As the sun sets at the Attari-Wagah border between India and Pakistan, the two countries execute a quick parade. Every day, a border closing ceremony involves soldiers in full regalia from both sides marching in a choreographed demonstration that includes the highest kicks you have ever seen. Spectators applaud, but when tensions run high in the region, eyes turn this way. It is why, one day, Ambassador Nirupama Rao would like to see the South Asian Symphony Orchestra (SASO) play there.
“I want this orchestra to play at the Wagah border, I want the music to provide a contrast to what happens there, to be a counterpoint, if you will,” says the diplomat who served as India’s Foreign Secretary from 2009 to 2011. A former High Commissioner of India to Sri Lanka, Nirupama is now officially retired but diplomacy is in her blood – and so is music.With this orchestra, the two are now beautifully intertwined.
“Music is a way of making sense of the world, and of what South Asia is today. We are aware of the divisions that separate us, the partitions that belong to our history and the tensions that tend to create barriers between all the nations in the region,” she told the Sunday Times during a recent visit to Colombo.
In this context, Nirupama believes an orchestra serves as the perfect analogy for regional ties, an audible demonstration of what harmony is possible here. To extend the analogy even further, both the orchestra and the region are greater than the sum of their parts, she says. In a time when we seem always on the brink of conflict, Nirupama is hopeful that the arts can be a voice for the vast majority who prefer to live in peace.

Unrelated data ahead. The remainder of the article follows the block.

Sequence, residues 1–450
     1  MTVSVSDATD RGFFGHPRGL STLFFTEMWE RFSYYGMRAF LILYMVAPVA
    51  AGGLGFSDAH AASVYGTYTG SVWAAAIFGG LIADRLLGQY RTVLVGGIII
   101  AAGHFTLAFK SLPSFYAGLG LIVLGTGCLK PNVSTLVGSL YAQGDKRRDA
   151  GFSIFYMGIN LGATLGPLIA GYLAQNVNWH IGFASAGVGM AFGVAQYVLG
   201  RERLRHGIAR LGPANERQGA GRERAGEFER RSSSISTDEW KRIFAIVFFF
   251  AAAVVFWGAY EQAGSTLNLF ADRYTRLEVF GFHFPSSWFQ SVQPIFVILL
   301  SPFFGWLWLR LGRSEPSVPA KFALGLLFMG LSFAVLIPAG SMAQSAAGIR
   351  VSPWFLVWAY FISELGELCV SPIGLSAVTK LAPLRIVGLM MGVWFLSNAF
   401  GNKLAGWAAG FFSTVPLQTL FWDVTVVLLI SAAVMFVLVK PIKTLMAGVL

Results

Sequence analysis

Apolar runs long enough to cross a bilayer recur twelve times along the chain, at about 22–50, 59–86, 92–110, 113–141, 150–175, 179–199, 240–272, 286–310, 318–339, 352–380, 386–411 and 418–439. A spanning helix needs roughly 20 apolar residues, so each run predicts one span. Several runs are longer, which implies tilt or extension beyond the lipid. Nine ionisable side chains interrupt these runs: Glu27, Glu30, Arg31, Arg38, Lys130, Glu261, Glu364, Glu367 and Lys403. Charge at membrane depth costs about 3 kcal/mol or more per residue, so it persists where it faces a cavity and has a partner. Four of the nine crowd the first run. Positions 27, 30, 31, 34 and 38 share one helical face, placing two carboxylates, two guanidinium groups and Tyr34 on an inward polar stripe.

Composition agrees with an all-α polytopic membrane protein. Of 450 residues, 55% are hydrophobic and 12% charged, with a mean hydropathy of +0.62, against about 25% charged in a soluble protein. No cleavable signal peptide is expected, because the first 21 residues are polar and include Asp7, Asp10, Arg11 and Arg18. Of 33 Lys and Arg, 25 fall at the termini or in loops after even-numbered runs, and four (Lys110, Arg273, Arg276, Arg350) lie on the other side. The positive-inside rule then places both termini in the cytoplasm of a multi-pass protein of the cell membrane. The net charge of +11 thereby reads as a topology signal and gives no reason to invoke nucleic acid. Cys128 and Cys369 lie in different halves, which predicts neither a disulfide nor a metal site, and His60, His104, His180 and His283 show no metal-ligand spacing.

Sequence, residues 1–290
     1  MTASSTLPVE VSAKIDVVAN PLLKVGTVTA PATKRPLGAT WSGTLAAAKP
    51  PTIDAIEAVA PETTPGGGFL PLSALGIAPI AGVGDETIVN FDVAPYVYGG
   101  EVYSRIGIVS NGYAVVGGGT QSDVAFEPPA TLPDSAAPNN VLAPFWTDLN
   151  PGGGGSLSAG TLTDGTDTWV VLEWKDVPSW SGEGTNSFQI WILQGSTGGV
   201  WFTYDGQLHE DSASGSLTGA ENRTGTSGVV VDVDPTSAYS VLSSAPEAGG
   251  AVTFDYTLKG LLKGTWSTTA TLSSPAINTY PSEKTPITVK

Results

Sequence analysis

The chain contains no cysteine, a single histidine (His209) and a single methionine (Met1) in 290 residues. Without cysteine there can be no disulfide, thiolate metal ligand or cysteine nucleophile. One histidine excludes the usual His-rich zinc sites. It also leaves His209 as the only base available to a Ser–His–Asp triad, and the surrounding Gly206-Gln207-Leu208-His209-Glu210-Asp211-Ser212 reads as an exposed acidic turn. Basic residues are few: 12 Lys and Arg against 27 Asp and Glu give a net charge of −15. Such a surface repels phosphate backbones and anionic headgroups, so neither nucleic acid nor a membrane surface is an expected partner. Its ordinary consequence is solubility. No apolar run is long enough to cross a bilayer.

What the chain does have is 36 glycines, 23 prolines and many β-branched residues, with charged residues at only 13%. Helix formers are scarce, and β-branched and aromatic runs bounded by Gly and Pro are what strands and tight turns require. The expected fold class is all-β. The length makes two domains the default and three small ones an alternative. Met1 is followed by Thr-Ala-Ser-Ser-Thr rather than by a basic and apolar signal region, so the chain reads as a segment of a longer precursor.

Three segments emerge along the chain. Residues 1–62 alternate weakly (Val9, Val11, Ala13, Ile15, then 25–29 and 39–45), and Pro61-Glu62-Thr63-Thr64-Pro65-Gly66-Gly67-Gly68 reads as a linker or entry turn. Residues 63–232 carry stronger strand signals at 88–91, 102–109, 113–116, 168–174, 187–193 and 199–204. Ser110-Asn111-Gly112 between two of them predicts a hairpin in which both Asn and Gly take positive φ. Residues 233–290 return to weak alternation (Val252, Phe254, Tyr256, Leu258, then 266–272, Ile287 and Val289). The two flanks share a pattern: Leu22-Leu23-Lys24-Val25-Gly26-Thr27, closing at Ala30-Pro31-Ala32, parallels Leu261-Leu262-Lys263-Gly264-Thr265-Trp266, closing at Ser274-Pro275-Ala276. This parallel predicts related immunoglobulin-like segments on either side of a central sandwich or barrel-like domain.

Determined to realise this vision, Nirupama and her husband Sudhakar Rao formed the trust, the South Asian Symphony Foundation in July 2018 in Bangalore, and through it they have raised funds for the first ever orchestra to include members from all the 8 countries in the South Asian Association for Regional Cooperation (SAARC). The orchestra is to be called Chiragh. Meaning ‘light in the darkness’, Chiragh is also the title of their upcoming concert, an entirely Indian-funded initiative on April 26, at the National Centre for the Performing Arts in Mumbai.
The concert will feature Houston-based Viswa Subbaraman as the conductor of the SASO, while New York-based Sri Lankan soprano Tharanga Goonetilleke will be the solo vocalist. Kabir Bedi will be the narrator. Forming the core will be members of the Symphony Orchestra of Sri Lanka – 14 of whom will be travelling to Mumbai to perform at the inaugural concert.
“The Symphony Orchestra of Sri Lanka (SOSL) is the oldest orchestra in the region and is currently in its 62nd year of performance,” Sharmini Wettimuny, Chairperson of SOSL told the Sunday Times, explaining that a first step was taken when India and Sri Lanka collaborated to mark the 70th year of independence in both countries with the concert Music Beyond Borders in February 2018.
Tamara Holsinger, a cellist with SOSL has performed alongside Indian musicians many times in the past, and says the experience has always been rewarding both musically and personally.
Now she is looking forward to a more ambitious undertaking: “Performing with musicians from the entire SAARC region, as well as the South Asian Diaspora will be a new experience for me, and one that I feel will be incredibly enriching not only in terms of interacting and collaborating with such a diverse group, but also in my growth as a musician, as well as the personal connections that are so important and which inevitably follow from such a collaboration,” she said.